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When Could a Homeowner be Held Liable for a Swimming Pool Accident?

Posted on behalf of Phillips Law Group on Jul 07, 2021 in Personal Injury

sign on gate outside of swimming poolHaving a swimming pool at one’s home is a huge responsibility. For example, homeowners must maintain pH levels so the chemicals in the water do not irritate swimmer’s eyes or damage the finish on the sides and bottom of the pool.

Homeowners also need to make sure the area around the pool is safe, particularly for children who may be using the pool. Negligent homeowners could face legal liability for accidents and the injuries that may result, including drownings and slip and fall accidents.

Liability for a pool accident can be complex, as there are detailed state laws and legal standards that must be considered. Victims should strongly consider meeting with a lawyer who is well-versed in these issues.

If you, your child or another loved one was injured in a pool accident at someone’s home, a Phoenix pool drowning lawyer from Phillips Law Group may be able to help you. Call to schedule a free consultation with one of our licensed attorneys so he or she can determine if you may have a case against the pool owner.

Guarding Against Child Trespassers          

One of the main things homeowners with swimming pools need to guard against is child trespassers. If homeowners do not take adequate steps to prevent child trespassers from entering the property and using the pool, homeowners could face legal liability for the child’s injuries.

Why do Pool Owners Have a Responsibility to Trespassers?

Swimming pools are considered attractive nuisances as far as children are concerned. An attractive nuisance is a feature of a property that is attractive to children, such as a swimming pool, water slide, playground equipment or even an open shed.

Children do not have the cognitive ability to appreciate and understand the dangers posed by a swimming pool or other attractive nuisances. That means homeowners need to take reasonable steps to prevent children from using the attractive nuisance.

For example, keeping the fence around the pool locked could be considered a reasonable step to prevent children from making use of the pool.

Under state law, pool owners are required to have a five-foot wall, fence or other barrier around the pool. The statute also says:

  • There can be no openings in the barrier through which a spherical object four inches in diameter can pass.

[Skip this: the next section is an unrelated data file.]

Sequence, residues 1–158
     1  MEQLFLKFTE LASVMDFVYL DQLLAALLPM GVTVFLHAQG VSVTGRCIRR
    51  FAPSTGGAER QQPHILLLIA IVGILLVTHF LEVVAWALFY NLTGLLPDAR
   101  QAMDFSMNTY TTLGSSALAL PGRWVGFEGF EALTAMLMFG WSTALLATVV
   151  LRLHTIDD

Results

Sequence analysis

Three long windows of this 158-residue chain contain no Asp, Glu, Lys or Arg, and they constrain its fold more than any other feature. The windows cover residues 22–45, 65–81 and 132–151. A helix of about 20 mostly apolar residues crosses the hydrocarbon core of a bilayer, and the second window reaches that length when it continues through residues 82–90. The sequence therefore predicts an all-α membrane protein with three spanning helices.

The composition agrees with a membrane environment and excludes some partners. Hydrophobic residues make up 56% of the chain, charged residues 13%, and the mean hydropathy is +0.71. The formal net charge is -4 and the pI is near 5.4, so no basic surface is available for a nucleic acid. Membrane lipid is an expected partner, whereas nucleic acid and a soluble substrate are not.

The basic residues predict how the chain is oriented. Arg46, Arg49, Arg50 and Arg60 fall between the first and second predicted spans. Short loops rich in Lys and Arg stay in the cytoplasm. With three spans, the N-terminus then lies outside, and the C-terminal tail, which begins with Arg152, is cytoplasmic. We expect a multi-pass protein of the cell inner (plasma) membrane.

• The horizontal parts of the barrier must be spaced a minimum of 45 inches apart and must be on the inner part of the barrier.
  • The gate must be self-closing and self-latching. The latch must be 54 inches above the ground or on the pool side of the gate.
  • The release mechanism for the gate needs to be a minimum of five inches below the top of the gate.
  • There cannot be an opening more than a half an inch within 24 inches of the release mechanism.
  • The barrier must not have any openings, handholds or footholds that are accessible from the exterior side of the enclosure.

It is important to note the doctrine of attractive nuisances is vague. That means proving liability for an injury involving an attractive nuisance may be very difficult without help from an experienced attorney.

Injuries to Children Who are Invited onto the Property

Children and others who are invited to use a homeowner’s pool are considered licensees under the law. Homeowners have a duty to warn licensees of dangerous conditions that are unlikely to be discovered.

For example, homeowners should repair drain grates/covers that are not secured or warn pool users of the risk. However, even if homeowners warn children about the risk, if children are not supervised and an injury occurs, homeowners may face liability.

Slip and Fall Risks

Cracks or holes in the concrete around the pool may present a slip and fall risk when children are running around playing. These should be repaired or roped off to prevent children and others from walking over them and potentially falling.

Homeowners may think simply taking steps like this will protect them from liability. However, if children are not being supervised, they may bear partial fault for an injury.

There is a widely held assumption children do not understand the risks of their actions, and this makes them more likely to find a way to get injured. If a child suffers an injury while he or she was unsupervised, judges and juries are likely to pin some amount of fault on the homeowner.

It is a bad idea to assume other adults are watching children, because they often are not. Numerous accidents occur when there are multiple adults present who all assumed children were being watched.

Before children use the pool, homeowners should learn if they have had swimming lessons. If a child is an inexperienced swimmer, make sure he or she is always being supervised. This is particularly important for young children and toddlers, who may wander right into the water.

Unsure if an Attorney Can Assist You? Call to Learn More

One of the most common questions we are asked by potential clients is: Do I have a case?

This is a question you can discuss with an experienced attorney from Phillips Law Group in a free consultation. There are no upfront fees or obligations associated with this meeting. This is simply a chance to discuss what happened and learn how a lawyer from our firm may be able to assist you.

We have helped numerous injury victims secure compensation. Over nearly 30 years serving Arizona injury victims we have obtained more than $750 million in compensation.

Give us a call today for assistance. Phone: 1-800-706-3000.

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